Tips & tricks for installing and running IBM products

Setup dnsmasq for proof of concept / development / test environments

Tom Bosmans  9 January 2014 11:05:20
I was growing tired of maintaining different /etc/hosts files on all my Linux virtual machines that run a variety of IBM Collaboration Solutions software.  Installing a full fledged DNS server like bind is a bit overkill, and there are solutions to distribute configuration files around (like cfengine)  , but I ended up looking at dnsmasq (  Not new, not revolutionary, but simple and should to the job.  And it's being used by default in Ubuntu ...

It's a small dns server that can use an /etc/hosts file or another version of such a file, to serve queries for a specific domain.  All other queries are forwarded to the dns server configured in /etc/resolv.conf .  
An added advantage is that you really configure dns in the virtual machines and so can easily conform to the requirements in (most) IBM products of using Fully Qualified hostnames, without a lot of effort.  As an added bonus, would work for all guest Operating systems (Windows, Linux, ...).

In my case, I have VMWare workstation running on my Lenovo W520 laptop running Ubuntu 13.04, with a lot of virtual machines on a NAT virtual network.
There's 2 places where I could run dnsmasq :
- a virtual machine that I generally need anyway (like the one running my IDS Ldap server with WebSeal).  The disadvantage obviously is that this machine should always be up and running.
- the host os  .  This is actually a great place, since it means I only need to maintain a hostfile here and it will be automatically used on my Virtual Machines.  And in Ubuntu (which I'm running), dnsmasq is running by default (started by NetworkManager).  The drawback is that I need to make sure the Virtual machines can connect to it (so punch a hole in the firewall).

So I go with the host OS option :

Ubuntu 12.04

Unfortunately, I can't find a way to modify the NetworkManager-managed dnsmasq.  This is only available from Ubuntu 12.10 onwards ...

So in this case, you'd need to disable the dnsmasq from NetworkManager and install a separate version.  It's not that easy to get right , though , so I did not get this working.

Ubuntu 12.10/13.04/13.10/14.04

- configure dnsmasq : on Ubuntu 12.10 (and higher), dnsmasq is actually already used by NetworkManager.  So if you installl it, you'd have to disable it in the NetworkManager configuration .

The alternative is to add the necessary options that you need to this NetworkManager-managed dnsmasq .  The NetworkManager-managed instance is running with the no-hosts option, which is annoying.
So you need to add a file (dnsmasq.conf) to /etc/NetworkManager/dnsmasq.d/
This in the file , but actually only addn-hosts and local are really required


For completeness, here what you need to do in a guest OS like CentOS :

- install dnsmasg : eg. yum install dnsmasq

- configure dnsmasq.  There's actually not a lot to configure, just the domain name you want to handle with dnsmasq (your own domain).  In my case, this is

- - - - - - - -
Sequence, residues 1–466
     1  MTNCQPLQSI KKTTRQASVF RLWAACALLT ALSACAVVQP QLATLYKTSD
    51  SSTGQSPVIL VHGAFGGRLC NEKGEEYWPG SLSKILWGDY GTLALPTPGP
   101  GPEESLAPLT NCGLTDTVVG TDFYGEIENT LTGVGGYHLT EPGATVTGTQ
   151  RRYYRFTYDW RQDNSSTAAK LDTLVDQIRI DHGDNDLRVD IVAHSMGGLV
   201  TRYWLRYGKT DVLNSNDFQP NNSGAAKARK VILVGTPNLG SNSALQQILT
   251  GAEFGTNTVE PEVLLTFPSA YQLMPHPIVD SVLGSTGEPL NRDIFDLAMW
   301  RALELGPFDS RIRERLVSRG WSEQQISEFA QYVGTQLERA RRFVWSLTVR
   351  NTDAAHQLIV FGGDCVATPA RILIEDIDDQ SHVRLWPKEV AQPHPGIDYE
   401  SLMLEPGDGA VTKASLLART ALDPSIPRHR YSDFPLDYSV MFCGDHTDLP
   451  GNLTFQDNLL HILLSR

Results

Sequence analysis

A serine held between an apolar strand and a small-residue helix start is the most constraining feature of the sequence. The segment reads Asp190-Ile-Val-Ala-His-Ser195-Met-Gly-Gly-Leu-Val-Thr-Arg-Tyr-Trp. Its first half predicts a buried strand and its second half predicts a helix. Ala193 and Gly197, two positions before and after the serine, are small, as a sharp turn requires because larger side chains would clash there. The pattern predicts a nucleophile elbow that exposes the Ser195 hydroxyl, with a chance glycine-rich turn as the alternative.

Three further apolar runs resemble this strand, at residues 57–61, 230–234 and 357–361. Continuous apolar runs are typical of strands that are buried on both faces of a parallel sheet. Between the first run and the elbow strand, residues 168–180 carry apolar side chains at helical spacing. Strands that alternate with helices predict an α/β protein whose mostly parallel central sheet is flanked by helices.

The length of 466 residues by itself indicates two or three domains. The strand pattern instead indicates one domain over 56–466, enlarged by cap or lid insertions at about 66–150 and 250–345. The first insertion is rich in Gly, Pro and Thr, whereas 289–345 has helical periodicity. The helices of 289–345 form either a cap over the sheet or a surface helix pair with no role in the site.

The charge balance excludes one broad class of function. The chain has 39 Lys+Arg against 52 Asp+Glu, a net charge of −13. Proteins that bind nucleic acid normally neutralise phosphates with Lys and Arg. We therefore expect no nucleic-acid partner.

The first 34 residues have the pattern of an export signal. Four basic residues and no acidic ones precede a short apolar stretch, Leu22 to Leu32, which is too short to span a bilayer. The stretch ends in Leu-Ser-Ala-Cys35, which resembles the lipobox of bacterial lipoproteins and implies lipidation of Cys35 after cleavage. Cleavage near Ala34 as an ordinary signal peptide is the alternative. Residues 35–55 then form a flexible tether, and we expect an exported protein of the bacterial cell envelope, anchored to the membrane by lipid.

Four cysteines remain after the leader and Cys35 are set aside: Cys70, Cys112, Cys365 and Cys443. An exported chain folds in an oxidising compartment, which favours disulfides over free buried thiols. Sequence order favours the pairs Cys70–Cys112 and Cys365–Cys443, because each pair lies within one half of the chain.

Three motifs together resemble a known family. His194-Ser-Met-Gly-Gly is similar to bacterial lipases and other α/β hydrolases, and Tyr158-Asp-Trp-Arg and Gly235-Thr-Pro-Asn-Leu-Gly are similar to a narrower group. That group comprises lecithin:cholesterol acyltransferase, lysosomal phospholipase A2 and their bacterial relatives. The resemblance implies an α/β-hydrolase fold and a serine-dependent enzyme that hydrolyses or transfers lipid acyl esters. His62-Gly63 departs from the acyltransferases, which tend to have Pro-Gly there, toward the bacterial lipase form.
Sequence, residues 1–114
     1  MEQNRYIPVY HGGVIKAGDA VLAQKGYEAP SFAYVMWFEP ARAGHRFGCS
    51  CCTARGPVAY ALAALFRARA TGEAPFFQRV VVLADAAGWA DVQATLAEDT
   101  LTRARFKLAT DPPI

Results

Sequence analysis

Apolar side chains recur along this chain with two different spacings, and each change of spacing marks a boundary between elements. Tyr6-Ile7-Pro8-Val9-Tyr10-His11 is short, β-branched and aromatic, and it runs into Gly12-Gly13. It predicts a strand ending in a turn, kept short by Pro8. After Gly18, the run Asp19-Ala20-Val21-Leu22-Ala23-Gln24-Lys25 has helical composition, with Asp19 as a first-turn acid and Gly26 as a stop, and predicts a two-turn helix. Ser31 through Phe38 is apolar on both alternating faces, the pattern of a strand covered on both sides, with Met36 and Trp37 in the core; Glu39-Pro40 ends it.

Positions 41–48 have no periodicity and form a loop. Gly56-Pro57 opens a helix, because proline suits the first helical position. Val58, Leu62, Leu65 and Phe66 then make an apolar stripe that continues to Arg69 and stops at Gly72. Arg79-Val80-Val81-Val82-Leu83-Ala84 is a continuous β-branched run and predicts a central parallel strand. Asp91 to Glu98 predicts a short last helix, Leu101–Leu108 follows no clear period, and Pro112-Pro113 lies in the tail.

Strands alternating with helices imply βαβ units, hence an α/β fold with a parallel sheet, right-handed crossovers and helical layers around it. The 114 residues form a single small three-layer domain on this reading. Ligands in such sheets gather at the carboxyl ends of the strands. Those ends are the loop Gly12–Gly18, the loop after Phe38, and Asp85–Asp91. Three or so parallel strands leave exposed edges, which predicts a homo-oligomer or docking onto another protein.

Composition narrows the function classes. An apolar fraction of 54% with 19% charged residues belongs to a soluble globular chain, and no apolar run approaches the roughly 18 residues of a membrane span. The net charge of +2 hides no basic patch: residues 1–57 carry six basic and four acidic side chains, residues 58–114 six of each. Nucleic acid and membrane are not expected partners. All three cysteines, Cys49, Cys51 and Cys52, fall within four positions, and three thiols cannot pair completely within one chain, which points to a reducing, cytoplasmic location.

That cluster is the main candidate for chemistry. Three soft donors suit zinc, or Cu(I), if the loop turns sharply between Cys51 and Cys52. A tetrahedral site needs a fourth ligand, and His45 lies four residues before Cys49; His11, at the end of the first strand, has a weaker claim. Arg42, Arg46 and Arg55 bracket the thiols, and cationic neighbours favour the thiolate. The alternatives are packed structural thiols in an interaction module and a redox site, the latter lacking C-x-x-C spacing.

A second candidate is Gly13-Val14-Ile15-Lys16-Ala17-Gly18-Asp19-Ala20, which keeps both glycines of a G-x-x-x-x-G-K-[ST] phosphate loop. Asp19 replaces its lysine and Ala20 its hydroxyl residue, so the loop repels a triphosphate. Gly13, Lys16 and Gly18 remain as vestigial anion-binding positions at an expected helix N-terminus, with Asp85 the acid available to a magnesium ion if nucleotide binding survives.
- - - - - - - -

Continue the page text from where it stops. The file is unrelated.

The only change in /etc/dnsmasq.conf I made is adding this entry :


Start dnsmasq :

service dnsmasq stop
service dnsmasq start


- update the firewall configuration :  I added a rule file for my ubuntu firewall into the directory /etc/iptables.d/filter/INPUT named 90-myrules.rule
-I INPUT 2 -i vmnet8 --dport 53 -j ACCEPT

This rule inserts itself at the 2nd position, and allows incoming DNS requests only from the interface vmnet8 (used by the VMWare NAT virtual network).

Virtual machines configuration


- configure /etc/resolv.conf on the virtual host machines , to use the Host machine as the dns server.  The ip address that you need to use is the ip address for the vmnet8 adapter on your host machine.

user@ThinkPad-W520:/etc/iptables.d/filter/INPUT# ifconfig vmnet8
vmnet8    Link encap:Ethernet  HWaddr 00:50:56:c0:00:08  
inet addr:
 Bcast:  Mask:
inet6 addr: fe80::250:56ff:fec0:8/64 Scope:Link
RX packets:256949 errors:0 dropped:0 overruns:0 frame:0
TX packets:221056 errors:0 dropped:0 overruns:0 carrier:0
collisions:0 txqueuelen:1000
RX bytes:0 (0.0 B)  TX bytes:0 (0.0 B)

Now edit /etc/resolv.conf :


And if you use dhcp in your virtual machines,  make sure that your /etc/resolv.conf is not overwritten on reboot :
Edit  /etc/sysconfig/network-scripts/ifcfg-eth0

vi /etc/sysconfig/network-scripts/ifcfg-eth0

add or modify the entry


This effectively disables updating the dns servers from dhcp (which in the case of VMWare NAT networks, would be set to xx.xx.xx.2 )


For your Windows Virtual Machines, open the Local Area Connection Properties and then the TCPIP/Ipv4 item:
Image:Setup dnsmasq for proof of concept / development / test environments

Set "Use the following DNS server addresses" and enter the IP address of your host machine (see the Linux section above) .

Image:Setup dnsmasq for proof of concept / development / test environments
Save everything .

Single source hostfile

The result is that I now can easily use hostnames in all configuration in my virtual machines without having to modify multiple hostfiles ...  Should be a real timesaver .
One annoying issue, is that when you change /etc/hosts, you'll need to restart dnsmasq.  On Ubuntu, this means restarting Network Manager :

sudo restart network-manager

The only file you need to maintain, is the /etc/hosts file on your host workstation.  All your virtual machines are immediately up to date!
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